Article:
Volume 14, Issue 38 ~ September 21 - September 27, 2006

Be Ready for the Next Big Blow

Plan ahead to keep your family safe, sane and secure

by Kat Bennett

Mother Nature has rolled the first bowling ball of the season, striking Chesapeake Country’s islands, coastal and riverfront communities like pins. If Helene tracks along the East Coast, the Chesapeake can expect waters to rise and then fall as the storm pumps water into and then out of the Bay.

The two most damaging forces of a hurricane are wind and water. Wind blows out windows and doors, knocks down trees, rolls vehicles and forces water into movement. Storm water floods roadways, contaminates wells and propels debris like battering rams. Both can cause power outages and loss of communication.

September 2 of this year, tropical depression Ernesto caused power outages for 14,000 Maryland residents. While Baltimore Gas and Electric returned power to most within a single day, almost 1,500 Anne Arundel homes were still without electricity late into the next day. On September 18, 2003, Isabel, a full-fledged Category 3 hurricane, knocked power out, leaving 1.3 million Marylanders without electricity; four days later more than 300,000 were still without power.

No wonder September is National Preparedness Month. As storms move toward the U.S. coastline, the Department of Homeland Security, the Federal Emergency Management Agency and the American Red Cross urge us to prepare, plan and stay informed rather than panic.

Part I: Before the Storm, Prepare Stock up Provisions

Food, water, sanitation and light are the first essentials. Every home in Chesapeake Country should stockpile at least one gallon of water per person per day for a minimum of three days. Storm rations should include three day’s worth of non-perishable food. Consider peanut butter, jelly, soups, tuna and protein bars. Coffee, tea and cocoa will provide a touch of comfort. Powdered and canned milk are important for children. If you have pets, don’t forget food and water for them as well. One gallon of water per pet per day won’t go to waste.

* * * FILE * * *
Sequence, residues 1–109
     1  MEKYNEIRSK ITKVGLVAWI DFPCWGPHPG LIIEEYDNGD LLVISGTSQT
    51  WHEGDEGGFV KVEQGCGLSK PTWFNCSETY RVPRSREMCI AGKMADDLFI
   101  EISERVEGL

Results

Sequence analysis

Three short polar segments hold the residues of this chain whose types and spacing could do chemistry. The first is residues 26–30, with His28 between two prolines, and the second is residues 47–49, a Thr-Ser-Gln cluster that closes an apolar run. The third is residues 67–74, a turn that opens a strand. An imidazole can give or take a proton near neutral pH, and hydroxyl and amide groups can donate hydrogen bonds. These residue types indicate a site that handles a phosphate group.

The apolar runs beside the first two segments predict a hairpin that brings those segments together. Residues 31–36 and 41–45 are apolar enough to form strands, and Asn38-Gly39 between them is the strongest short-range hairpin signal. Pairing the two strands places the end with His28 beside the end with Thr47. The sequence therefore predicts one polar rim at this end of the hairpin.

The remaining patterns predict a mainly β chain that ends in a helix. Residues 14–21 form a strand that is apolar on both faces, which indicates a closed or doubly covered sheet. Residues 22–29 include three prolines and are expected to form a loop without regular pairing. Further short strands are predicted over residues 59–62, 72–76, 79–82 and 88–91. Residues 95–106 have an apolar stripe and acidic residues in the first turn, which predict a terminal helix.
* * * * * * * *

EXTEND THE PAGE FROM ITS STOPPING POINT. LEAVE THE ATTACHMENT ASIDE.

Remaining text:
Add to your stockpile at least one gallon of plain bleach, not the kind with perfumes, cleaning agents or softeners because they can make you sick. Sixteen drops of plain bleach per gallon of water purifies water for drinking and washing. Bleach also disinfects flooded wells. A couple of packets of baby wipes make a portable toilet-paper alternative and a lidded bucket (well known to old sailors) or a portapotty make an emergency toilet.

If power goes out, flashlights help you see your way around. They can also be used to signal for help. Keep several packages of fresh batteries and at least one flashlight in your emergency bag. Because of the danger of fire, the Red Cross discourages candles.

Pack an Emergency Medical Kit

Stock a medical kit for storm emergencies. Imagine being stranded for three days to a week.

The Department of Homeland Security suggests these basics for a medical kit: 24 bandages, a battery-operated am radio, a two-gallon bag for water, an emergency poncho, a whistle, a utility knife and a hand-turned can opener in addition to batteries and matches.